"With age, drugs tend to build up in the body, and the distribution and elimination of drugs from the body changes as well," says Dr. Donna M. Fick, R.N., associate professor of nursing at Penn State. "Many drugs, like diazepam (Valium) and other anti-anxiety drugs build up fast."
Also, doctors may not know all the prescriptions, let alone over the counter, drugs that elderly patients are taking. "Sometimes someone is started on a drug in their 50s, but 20 years later, it has not been reevaluated," says Fick. "Some drugs are fine at 55 but not OK at 75. However, sometimes doctors have tried everything else and this drug with negative implications for the elderly is the only one that works. It is a complicated issue that requires all health professionals to communicate better and work together."
The researchers want to see physicians reevaluate the drugs their elderly patients take to determine if they are appropriate, if alternative drugs would be better or if dosages should be adjusted. They reported their findings in a recent issue of the American Journal of Managed Care.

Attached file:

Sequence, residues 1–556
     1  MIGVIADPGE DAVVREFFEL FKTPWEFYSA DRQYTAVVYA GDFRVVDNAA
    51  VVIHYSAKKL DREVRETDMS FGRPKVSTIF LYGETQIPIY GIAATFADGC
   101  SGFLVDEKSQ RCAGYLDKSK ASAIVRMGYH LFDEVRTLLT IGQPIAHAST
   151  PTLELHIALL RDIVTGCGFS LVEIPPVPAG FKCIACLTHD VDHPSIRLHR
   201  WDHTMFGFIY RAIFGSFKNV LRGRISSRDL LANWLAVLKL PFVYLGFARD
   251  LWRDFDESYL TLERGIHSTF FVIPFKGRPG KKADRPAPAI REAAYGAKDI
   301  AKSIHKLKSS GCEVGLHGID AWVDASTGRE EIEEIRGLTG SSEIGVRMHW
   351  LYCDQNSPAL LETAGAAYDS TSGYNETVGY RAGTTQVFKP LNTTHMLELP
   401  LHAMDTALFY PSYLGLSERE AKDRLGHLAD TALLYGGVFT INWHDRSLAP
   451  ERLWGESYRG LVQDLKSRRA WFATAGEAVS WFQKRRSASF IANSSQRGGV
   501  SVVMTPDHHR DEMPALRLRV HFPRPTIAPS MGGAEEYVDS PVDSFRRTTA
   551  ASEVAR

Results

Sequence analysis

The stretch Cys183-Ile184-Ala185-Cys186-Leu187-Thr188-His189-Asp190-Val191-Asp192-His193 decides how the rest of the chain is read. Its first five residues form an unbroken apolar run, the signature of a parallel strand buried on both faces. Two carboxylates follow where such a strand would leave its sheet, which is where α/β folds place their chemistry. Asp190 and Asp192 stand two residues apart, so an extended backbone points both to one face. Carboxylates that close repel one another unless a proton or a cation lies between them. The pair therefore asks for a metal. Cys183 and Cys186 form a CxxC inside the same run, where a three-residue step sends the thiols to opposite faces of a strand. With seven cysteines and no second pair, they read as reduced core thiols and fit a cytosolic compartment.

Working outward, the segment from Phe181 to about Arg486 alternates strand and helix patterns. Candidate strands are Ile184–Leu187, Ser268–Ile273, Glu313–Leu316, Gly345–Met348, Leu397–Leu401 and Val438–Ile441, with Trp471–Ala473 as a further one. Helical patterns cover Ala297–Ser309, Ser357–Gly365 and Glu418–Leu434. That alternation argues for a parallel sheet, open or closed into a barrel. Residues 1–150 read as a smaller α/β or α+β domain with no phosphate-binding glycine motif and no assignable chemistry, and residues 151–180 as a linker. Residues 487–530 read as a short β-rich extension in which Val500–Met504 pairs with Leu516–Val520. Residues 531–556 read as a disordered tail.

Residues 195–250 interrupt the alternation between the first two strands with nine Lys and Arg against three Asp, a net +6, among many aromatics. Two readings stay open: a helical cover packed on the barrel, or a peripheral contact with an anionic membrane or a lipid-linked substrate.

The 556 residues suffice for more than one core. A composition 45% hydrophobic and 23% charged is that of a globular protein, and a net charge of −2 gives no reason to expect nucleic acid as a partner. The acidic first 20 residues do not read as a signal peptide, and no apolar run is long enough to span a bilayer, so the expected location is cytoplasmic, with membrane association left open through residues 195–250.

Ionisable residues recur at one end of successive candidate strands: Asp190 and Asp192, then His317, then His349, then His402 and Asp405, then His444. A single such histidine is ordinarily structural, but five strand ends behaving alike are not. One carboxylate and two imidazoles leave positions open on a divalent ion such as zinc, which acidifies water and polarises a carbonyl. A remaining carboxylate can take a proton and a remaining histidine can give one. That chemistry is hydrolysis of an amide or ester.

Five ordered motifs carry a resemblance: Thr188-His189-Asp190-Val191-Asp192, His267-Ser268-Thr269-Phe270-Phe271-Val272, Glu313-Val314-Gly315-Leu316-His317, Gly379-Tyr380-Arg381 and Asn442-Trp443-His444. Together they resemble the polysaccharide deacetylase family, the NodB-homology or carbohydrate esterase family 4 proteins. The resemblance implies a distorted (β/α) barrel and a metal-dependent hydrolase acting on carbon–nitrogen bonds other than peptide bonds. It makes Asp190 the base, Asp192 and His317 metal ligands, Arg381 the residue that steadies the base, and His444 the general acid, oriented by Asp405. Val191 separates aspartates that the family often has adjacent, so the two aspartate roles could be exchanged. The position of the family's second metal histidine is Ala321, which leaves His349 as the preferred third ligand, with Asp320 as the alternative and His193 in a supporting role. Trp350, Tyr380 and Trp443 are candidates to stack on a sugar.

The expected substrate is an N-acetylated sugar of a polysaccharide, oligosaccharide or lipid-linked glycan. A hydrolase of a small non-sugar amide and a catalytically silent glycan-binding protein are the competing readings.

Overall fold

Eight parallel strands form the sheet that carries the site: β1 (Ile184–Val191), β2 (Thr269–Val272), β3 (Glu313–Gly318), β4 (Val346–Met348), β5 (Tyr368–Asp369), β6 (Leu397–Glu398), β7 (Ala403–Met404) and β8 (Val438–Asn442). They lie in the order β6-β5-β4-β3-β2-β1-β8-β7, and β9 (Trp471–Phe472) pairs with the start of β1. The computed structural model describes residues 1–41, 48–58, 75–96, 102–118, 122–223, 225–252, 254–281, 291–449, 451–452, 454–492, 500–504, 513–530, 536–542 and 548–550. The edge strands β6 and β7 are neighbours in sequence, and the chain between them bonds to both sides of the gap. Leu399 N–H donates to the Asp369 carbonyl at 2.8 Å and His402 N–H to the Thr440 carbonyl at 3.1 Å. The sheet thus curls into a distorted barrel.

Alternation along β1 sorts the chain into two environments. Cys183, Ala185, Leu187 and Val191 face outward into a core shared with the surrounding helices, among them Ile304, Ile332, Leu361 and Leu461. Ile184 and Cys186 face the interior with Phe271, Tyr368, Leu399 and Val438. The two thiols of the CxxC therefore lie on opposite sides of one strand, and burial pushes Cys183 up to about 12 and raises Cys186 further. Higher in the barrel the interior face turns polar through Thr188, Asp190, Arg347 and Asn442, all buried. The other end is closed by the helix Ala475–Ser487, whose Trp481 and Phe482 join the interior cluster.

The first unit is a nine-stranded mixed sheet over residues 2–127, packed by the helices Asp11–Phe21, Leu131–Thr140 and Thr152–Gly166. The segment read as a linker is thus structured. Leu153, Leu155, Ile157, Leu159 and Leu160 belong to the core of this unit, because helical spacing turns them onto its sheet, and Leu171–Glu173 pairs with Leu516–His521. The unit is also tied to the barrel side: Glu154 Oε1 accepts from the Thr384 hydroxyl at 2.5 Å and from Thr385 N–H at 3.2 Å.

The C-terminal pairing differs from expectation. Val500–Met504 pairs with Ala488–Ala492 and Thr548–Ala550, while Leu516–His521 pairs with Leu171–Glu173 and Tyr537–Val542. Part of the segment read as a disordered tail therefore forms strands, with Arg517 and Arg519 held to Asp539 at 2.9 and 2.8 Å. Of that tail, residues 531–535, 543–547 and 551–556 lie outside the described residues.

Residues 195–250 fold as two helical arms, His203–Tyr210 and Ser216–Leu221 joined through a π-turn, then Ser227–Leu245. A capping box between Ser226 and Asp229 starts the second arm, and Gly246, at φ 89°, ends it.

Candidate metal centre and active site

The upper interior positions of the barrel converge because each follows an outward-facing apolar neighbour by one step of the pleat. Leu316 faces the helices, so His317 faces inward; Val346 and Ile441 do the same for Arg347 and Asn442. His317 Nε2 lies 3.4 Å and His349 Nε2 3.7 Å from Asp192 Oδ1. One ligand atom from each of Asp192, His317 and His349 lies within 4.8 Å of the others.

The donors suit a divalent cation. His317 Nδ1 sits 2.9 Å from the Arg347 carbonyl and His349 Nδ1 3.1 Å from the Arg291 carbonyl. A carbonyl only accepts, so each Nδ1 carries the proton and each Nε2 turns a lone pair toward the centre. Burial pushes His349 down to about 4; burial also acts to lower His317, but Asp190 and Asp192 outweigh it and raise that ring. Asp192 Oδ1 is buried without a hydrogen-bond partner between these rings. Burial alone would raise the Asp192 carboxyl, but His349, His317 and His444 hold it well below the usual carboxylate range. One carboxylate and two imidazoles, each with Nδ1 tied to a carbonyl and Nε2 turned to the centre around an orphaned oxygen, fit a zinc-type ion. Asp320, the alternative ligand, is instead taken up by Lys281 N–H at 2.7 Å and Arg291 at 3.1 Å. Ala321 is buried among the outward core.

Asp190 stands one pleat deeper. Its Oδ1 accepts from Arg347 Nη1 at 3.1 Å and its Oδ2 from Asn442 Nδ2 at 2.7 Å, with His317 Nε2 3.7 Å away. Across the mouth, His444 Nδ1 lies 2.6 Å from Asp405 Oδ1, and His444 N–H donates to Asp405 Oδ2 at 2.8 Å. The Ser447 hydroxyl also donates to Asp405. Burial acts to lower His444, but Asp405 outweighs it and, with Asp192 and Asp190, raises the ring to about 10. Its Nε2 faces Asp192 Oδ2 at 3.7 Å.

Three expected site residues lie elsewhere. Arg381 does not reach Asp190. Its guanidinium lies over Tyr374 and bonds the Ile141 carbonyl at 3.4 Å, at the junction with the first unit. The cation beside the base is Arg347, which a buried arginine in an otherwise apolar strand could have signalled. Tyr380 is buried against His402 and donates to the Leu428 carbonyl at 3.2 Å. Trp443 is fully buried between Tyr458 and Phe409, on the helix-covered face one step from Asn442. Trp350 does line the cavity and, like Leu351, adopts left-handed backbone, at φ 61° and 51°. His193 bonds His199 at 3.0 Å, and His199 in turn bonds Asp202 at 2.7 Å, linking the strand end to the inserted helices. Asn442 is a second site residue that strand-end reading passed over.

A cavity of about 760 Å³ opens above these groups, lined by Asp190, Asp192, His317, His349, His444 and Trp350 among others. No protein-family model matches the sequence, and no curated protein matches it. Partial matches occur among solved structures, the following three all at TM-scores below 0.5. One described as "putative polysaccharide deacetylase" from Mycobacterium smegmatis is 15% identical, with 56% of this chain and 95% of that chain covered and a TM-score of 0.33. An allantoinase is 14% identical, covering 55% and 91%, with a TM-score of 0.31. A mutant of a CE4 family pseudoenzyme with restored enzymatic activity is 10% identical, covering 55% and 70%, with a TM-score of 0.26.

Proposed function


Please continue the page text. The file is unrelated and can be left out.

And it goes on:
Fick, working with Nancy A. Rodriguez, Louise Short and Richard Vanden Heuvel, Blue Cross and Blue Shield of Georgia; Jennifer L. Waller; and J. Ross Maclean, Medical College of Georgia; and Rebecca L. Rodgers, Augusta State University, tested a method to alert physicians to possibly inappropriate prescriptions. Fick was at the Medical College of Georgia when this work was done.
The researchers divided primary care physicians in Blue Cross Blue Shield of Georgia's senior plans between a treatment and control group and sent all of doctors a packet of information on prescribing for the elderly. The packet included an educational letter, the brochure,
Contact: A'ndrea Elyse Messer